Catholic Contextual urban Theology, Mimetic Theory, Contemplative Prayer. And other random ramblings.

Sunday, 2 April 2017

Homily at Parish Mass and Baptism, Lent 4 2017

Ephesians 5.8-14
John 9.1-41

There are four gospels in the Bible, and we have just read a chapter of one of them. The gospels are accounts of the life of Christ, written around the last quarter of the first century, so that the living witnesses of the life and teaching of Jesus could pass them on to the following generations.
Books were rare things in those days and copies of the sacred writings were kept by the community of faith, to be read aloud at the meetings of the faithful. They were not primarily meant for private study. The Bible belongs with the people of God, assembled to worship. It comes alive in the gathering of the faithful. And the faithful gathered, in the first century as today, to worship and celebrate the sacraments together.
The meaning of passages like the feeding of the five thousand comes alive in a new way when it is read at the Eucharist, the meal at which Jesus feeds us with himself without ever being diminished. And today’s gospel reading has particular resonances with what we are also doing today, celebrating baptism.
An ancient name for the sacrament of Holy Baptism was “Illumination”. It is the means by which we receive the spiritual light of God in our souls. Our eyes give us the light of nature, but we also are in need of God’s grace, which we have to receive as a gift from God. As well as being born “from below”, in our earthly lives, we need to be “born from above” and receive the life of God’s spirit, as John’s gospel says in an earlier chapter.
So, spiritually, we are all in a sense “born blind”. The light of God is something we need to receive in addition to the light of nature. Holy Baptism unites us with Christ in his death and resurrection, raising us to the life of God, giving us the light of his Spirit.
Notice what the man born blind does in this gospel reading – he goes and washes, and then he sees. And those who are washed in the waters of baptism also then see, but in a new sense, the light of Christ, given to them, lighting up their souls.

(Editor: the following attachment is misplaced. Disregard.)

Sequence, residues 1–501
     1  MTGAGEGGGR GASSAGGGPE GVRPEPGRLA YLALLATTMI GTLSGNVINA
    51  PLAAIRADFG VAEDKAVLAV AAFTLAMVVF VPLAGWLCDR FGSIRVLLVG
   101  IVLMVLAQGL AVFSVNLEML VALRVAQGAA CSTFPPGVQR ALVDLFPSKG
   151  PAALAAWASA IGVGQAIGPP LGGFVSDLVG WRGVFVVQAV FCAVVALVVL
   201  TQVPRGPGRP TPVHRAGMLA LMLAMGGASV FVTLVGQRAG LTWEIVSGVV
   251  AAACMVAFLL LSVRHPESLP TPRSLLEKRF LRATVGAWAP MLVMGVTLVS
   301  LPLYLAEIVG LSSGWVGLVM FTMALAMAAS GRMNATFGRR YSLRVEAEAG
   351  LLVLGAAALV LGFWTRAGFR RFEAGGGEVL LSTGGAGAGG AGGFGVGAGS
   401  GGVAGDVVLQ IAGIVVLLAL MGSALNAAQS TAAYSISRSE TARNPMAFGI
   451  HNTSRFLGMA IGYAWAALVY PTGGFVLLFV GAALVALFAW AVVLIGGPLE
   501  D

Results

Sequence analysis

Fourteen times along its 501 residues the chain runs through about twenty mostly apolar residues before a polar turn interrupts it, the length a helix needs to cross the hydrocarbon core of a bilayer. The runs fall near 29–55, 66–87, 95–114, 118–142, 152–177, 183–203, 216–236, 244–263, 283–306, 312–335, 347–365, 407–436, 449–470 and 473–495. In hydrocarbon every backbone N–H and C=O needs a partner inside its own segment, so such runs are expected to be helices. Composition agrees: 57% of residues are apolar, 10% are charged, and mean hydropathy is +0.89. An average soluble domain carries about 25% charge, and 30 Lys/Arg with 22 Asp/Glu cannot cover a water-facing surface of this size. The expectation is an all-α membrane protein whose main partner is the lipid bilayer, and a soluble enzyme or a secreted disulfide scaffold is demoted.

But washing and seeing is just the start of today’s story. The man born blind is a marginal figure at the start. People talk about him, not to him, and in a dismissive way – “who sinned, this man or his parents?” The group assumes that God doesn’t like this person for some reason, and so has afflicted him with blindness. In their view he is an outcast.
But they’ve got it all wrong. The man born blind is simply awaiting the work of God, just as nature awaits the grace of God. And when God works in him, giving him his sight, he comes in from the margins to the centre of the action. He finds his own voice, and breaks in on the dialogue of those who were talking about him but not to him. He bears witness to Jesus.
And that upsets everyone. The religious elite, the people in power, are disturbed and unsettled by Jesus, who they think is a sinner, who heals a figure on the margins whom they had disregarded. They were divided, says the Gospel. Their power base is taken away from them. Whereas the one who had no power before suddenly is the person in the centre who is changing everything.
This too is an image of what happens in Baptism. All who are baptised are adopted in Christ, and in him, says St Paul, there is no longer any distinction of sex or race or class, but all are one in Christ Jesus. Baptism brings everyone into the centre which is Christ. 
The old divisions and hatreds, by which people are marginalised and cast out, are no more. There is no place for them in Christ. They are washed away in the water of baptism.
So what we are doing today, brothers and sisters, is revolutionary stuff. Baptism is an act of radical inclusion. The waters of the font remove all barriers and distinctions, uniting us all in Christ. It is no longer possible to talk about “us” and “them”.
Baptism makes us all disciples of Jesus, and sends us, like the man born blind, to upset and destabilise the powers of this world, to put down the mighty from their thrones, to break open all the barriers and divisions by which people cast each other out.
There are many such divisions in our world. The forces of hate, the fear of the other, haunt our news headlines. Baptism calls us to challenge that, to proclaim instead the new reality in Christ to which all people are called without any distinction whatsoever.
Aaliyah, Henry and William, what an adventure you have before you. To live the new life you receive today, to live changed lives in Christ, and to change the world. That is the task of all the baptised. The newly baptised will today be given a candle as a sign of the light of Christ they have received, the spiritual illumination of baptism.
And Aaliyah’s family have brought with them a beautiful Romanian custom, that the godparents also stand with lit candles during the baptism, a symbol of the light of Christ that they received in their baptism, and that they in turn are now going to share with the newly baptised as they take on that special responsibility of helping them to live and grow as disciples of Christ.

We won’t have a discussion today, but I would like you all to think about two questions as you reflect on the story of the man born blind, and the call and gift of holy baptism. Those questions are, how can we change, and what change are we called to make in the world. And those changes begin with Christ in the waters of the font, to which we now turn.

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